Aggressive African goose

sharonssmule

Chirping
8 Years
Feb 2, 2011
2
0
62
Early this spring I bought 4 baby African geese...lost one, but the three left have grown into beautiful mature birds! I think I have 2 drakes and one hen...they were raised with my varied flock of chickens, guineas, ducks and have been a wonderful addition to my flock! I truly LOVE THEM!!
But...just this evening, I went in to gather eggs and the largest male reached to pinch my toes (had on flip flops)...it wasn’t the first time and he had never hurt me...so, I’d always reach to scratch his neck...this time, when I did that, he bowed up, spread his wings and pinched me HARD on my forearm! He then followed me as I gathered the eggs from nests...
How do I handle his behavior before it becomes worse? I really enjoy my geese...never had them before and just recently said, I’d never be without them again! Hope I don’t have to rethink that! Thanks for any info!
 

Pyxis

Hatchi Wan Kenobi
Project Manager
Premium Feather Member
9 Years
Mar 27, 2012
21,364
49,828
1,192
Vermont
My Coop
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He thinks he's dominant over you. In a goose flock, the alpha disciplines the ones lower in the hierarchy when they do something he doesn't like. They do this by posturing at them with a snaked head, spread wings, or they might nip them. He nipped you. He's saying he's dominant. He didn't like what you were doing, and he was going to discipline you for it.

Time to show him that he's mistaken, and he's not dominant. You are.

To start with, he always gets out of your way. You walk through him, not around him. He moves for you. The dominant goose moves for no one, and all the others go around him and give him his space. So if you go around him, you're showing him that he's dominant over you.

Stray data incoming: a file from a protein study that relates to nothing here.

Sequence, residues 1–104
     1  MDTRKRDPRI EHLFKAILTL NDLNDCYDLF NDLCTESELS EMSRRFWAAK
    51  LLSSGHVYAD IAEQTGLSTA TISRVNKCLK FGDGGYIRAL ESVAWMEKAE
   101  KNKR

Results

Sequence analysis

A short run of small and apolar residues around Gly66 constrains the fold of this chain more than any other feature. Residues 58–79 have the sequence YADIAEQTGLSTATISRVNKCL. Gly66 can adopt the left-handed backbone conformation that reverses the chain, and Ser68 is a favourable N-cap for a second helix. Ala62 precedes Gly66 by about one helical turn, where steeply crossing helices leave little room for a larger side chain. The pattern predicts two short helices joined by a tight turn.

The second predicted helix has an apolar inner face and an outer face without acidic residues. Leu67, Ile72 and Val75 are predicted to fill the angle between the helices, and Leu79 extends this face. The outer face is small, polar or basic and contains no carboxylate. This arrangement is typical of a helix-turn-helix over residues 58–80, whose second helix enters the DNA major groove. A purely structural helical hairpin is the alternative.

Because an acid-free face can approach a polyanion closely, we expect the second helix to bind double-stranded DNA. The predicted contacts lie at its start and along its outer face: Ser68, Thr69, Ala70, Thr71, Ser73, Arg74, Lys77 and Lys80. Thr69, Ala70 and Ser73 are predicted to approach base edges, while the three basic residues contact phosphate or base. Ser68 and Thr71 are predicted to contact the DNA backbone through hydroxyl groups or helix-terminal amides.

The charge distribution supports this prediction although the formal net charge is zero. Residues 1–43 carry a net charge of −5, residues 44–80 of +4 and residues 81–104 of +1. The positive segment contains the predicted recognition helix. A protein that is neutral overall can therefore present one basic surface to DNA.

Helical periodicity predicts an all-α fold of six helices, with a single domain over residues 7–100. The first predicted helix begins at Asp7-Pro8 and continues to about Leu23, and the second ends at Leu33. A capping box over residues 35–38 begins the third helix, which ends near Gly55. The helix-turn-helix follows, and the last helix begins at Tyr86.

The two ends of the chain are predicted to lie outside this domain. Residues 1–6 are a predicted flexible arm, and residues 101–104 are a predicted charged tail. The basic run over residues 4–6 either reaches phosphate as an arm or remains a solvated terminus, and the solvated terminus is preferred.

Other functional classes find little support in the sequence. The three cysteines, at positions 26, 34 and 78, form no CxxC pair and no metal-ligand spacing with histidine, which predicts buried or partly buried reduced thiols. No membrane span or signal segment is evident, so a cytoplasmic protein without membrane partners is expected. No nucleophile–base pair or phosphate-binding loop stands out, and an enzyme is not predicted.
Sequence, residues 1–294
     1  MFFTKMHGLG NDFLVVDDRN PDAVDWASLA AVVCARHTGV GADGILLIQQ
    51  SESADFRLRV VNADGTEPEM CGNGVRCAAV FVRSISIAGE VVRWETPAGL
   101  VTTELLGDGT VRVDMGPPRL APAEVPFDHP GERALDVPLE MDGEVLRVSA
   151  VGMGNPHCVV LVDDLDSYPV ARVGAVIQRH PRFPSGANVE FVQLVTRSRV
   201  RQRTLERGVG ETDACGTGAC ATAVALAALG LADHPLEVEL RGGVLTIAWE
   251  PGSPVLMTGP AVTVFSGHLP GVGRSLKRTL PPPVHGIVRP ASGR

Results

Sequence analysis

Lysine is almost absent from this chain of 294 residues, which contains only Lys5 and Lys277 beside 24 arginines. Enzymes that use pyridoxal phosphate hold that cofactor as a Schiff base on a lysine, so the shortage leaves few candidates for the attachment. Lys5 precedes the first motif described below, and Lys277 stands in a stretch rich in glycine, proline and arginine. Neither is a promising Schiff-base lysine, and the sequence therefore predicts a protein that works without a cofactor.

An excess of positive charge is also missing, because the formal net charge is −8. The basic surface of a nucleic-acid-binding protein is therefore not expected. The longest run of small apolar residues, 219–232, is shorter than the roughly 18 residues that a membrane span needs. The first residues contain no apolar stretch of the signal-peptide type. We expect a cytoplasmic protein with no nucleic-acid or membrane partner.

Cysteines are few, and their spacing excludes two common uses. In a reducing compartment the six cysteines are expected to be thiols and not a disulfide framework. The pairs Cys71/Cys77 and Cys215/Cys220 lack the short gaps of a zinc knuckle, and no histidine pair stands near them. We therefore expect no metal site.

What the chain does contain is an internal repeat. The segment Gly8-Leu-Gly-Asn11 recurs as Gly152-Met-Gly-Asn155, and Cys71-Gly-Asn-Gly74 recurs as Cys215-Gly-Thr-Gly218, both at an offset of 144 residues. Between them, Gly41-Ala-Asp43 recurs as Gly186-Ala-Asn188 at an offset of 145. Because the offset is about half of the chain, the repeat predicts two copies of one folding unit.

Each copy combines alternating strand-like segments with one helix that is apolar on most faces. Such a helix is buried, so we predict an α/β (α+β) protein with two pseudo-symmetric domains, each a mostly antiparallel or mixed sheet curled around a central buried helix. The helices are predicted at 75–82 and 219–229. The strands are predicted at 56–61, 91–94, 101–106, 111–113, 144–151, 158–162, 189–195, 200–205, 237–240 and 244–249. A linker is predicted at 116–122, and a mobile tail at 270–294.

If he challenges you again, you challenge him back. If he comes after you, you stand up tall and spread your arms to be big. This is what ganders do when they challenge each other (side note, a male goose is a gander, not a drake :) ).

Next, bump him in the chest with your leg. Don't be gentle either, knock him back a bit. This would be the next step if two ganders were fighting for dominance. Do it once more if he still doesn't back down.

If he still doesn't give up, time to go to the next phase. In a real fight between ganders, this would be where they grab each other's necks and start beating the tar out of each other with their wings. We're not going to do that, because one, it hurts to get walloped by a gander's wings, and two, we're not going to repeatedly hit our geese.

So, instead, we're skipping straight to the next step, which is when the winning gander pins the loser down. So grab him by the neck, and don't be gentle about it. Swing around behind him and pin him down. Make sure he's facing away from you so that when you do let him go he can run away from you. Hold him there as long as you want and until he stops struggling, then let him up.

And finally, take a victory lap, like a real gander would after winning. That means standing tall, maybe spreading your arms again, and yell after him. Something like "Yeah, I thought so!" works.
 

sharonssmule

Chirping
8 Years
Feb 2, 2011
2
0
62